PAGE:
Note to readers: This article contains references to sexual violence. If that’s something you don’t want to read about right now, check out some of our other articles.
While we often question kids’ taste in social media personalities (I still scratch my head when my nephews watch other kids play with toys on YouTube), there’s one influencer—as well as countless fan accounts—that teachers should be on high alert for if they aren’t already: Andrew Tate.
Who is Andrew Tate?
- Andrew Tate is a former professional kickboxer and current social media influencer.
- Tate rose to popularity through a combination of amassing members on his platform Hustler’s University via an affiliate marketing program (aka an MLM) and encouraging those members to inundate social media with videos of his content.
- Tate was eventually banned from most major social media platforms for his videos promoting misogyny, justifying sexual violence, and other violations of the platforms’ policies.
- In 2020 Tate moved to Romania, where he said “corruption is far more accessible” and that it would be easier to avoid sexual violence charges (“I’m not a rapist, but I like the idea of just being able to do what I want. I like being free.”)
While many grade-school children and most adults have the presence of mind to recognize Tate as harmful, many impressionable young boys idolize Tate. According to Mashable, his audience falls in the 16-25 age range, with many of his Hustler’s University members in high schools across the U.S. and world.
Here’s how teachers on Reddit report Andrew Tate has shown up in their classrooms this year.
A teacher reported that a student refused to read an article written by a woman because “women should only be housewives.”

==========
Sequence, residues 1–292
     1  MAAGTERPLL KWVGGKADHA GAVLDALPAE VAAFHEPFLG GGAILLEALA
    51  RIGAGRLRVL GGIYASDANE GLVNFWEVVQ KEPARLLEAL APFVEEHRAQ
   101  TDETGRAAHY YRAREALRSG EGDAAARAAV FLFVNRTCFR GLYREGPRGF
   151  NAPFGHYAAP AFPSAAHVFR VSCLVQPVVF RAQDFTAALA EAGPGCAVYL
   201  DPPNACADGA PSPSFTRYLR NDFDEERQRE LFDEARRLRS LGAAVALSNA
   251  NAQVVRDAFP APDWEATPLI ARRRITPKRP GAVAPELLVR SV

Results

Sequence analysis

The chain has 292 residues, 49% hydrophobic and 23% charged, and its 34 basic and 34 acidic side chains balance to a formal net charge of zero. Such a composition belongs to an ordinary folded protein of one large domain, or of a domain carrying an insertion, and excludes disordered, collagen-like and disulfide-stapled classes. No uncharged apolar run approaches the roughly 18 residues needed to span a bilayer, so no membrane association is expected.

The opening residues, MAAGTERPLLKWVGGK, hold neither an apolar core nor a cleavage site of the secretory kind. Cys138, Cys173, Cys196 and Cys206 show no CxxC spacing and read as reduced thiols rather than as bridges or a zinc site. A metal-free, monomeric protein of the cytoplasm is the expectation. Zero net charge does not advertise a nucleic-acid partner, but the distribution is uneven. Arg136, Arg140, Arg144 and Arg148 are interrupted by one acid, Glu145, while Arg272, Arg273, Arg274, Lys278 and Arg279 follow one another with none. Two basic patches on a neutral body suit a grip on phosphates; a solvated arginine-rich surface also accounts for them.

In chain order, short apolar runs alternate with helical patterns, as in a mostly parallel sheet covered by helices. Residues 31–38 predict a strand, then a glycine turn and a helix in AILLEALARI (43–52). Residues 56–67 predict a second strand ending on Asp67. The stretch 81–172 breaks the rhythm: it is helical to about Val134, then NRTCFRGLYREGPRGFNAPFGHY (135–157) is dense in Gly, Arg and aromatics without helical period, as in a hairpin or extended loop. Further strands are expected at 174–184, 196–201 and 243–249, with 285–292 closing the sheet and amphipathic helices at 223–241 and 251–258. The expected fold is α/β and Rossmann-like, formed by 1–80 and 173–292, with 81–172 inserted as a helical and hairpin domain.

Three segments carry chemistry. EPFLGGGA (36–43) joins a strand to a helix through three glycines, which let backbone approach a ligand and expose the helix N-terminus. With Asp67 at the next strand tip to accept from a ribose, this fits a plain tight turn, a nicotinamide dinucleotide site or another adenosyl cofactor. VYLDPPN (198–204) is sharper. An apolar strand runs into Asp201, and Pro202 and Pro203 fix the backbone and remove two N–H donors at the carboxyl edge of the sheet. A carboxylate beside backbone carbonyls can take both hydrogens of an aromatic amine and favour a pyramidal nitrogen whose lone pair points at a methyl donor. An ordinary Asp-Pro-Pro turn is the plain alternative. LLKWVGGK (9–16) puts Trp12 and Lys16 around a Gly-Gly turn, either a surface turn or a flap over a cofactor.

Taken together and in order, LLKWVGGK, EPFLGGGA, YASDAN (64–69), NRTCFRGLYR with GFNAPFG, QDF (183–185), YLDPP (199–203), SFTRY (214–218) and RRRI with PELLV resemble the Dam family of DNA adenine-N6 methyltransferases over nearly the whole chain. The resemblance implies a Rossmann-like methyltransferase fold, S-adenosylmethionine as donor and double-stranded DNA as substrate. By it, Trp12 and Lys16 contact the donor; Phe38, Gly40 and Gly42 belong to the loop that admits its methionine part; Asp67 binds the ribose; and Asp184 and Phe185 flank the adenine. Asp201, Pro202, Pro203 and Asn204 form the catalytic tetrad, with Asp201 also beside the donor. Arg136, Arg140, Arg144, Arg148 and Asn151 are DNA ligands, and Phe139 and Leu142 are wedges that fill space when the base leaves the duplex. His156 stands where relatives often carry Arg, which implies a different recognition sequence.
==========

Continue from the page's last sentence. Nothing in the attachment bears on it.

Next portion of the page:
One teacher had to debunk Tate’s claim with his own son that women shouldn’t be driving.
Boys are listing him as their role model on back-to-school questionnaires.
Students are attempting to cite him in their research papers as a legitimate source of information.
How to approach student who cites Andrew Tate as a legitimate source of information from Teachers
A 7th grade teacher reported the boys in his class call women and girls “holes” and any boy who defends or is kind to girls a “simp.”
When a teacher tried to shut down talk of Andrew Tate, a student told her, “Miss, you’re just scared because he’s an alpha male.”
Another teacher said that, even as recent as a month ago, any criticism of Tate sends her male students into a rage.
Criticizing Andrew Tate sends my male students into blind rage from Teachers
Though Andrew Tate has been banned permanently on social media platforms, it’s clear he’s not going anywhere. Two weeks ago, a Reddit teacher reported an escalation in Tate references. Fan accounts continue to circulate his videos, and Hustler’s University continues to operate. Even if Tate had skulked off into oblivion, there will certainly be others like him to take his place. And teachers need to be ready—not to ignore it, but to respond to it.
What can teachers do about Andrew Tate in the classroom?
Talk to students about content. It doesn’t matter that it’s not in your curriculum—if boys in your class are calling girls “holes,” stop what you’re teaching and talk about sexual harassment. If you don’t feel comfortable leading that discussion, call in a counselor or another teacher who’s ready to lead that talk.
Be crystal-clear about boundaries and consent. Whether you teach kindergartners or seniors in high school, set the expectation that consent matters. “He said he’s not playing tag, so do not touch his shoulder.” “Do you see her body language? That means she doesn’t want to be hugged.”
Teach—and reteach—digital citizenship, evaluating sources and claims and the exceptions for freedom of speech. There’s a reason the majority of Andrew Tate fanatics are so young: They don’t question his claims. Teaching these skills will help your students filter through claims from any online personalities, parody accounts, satire, etc.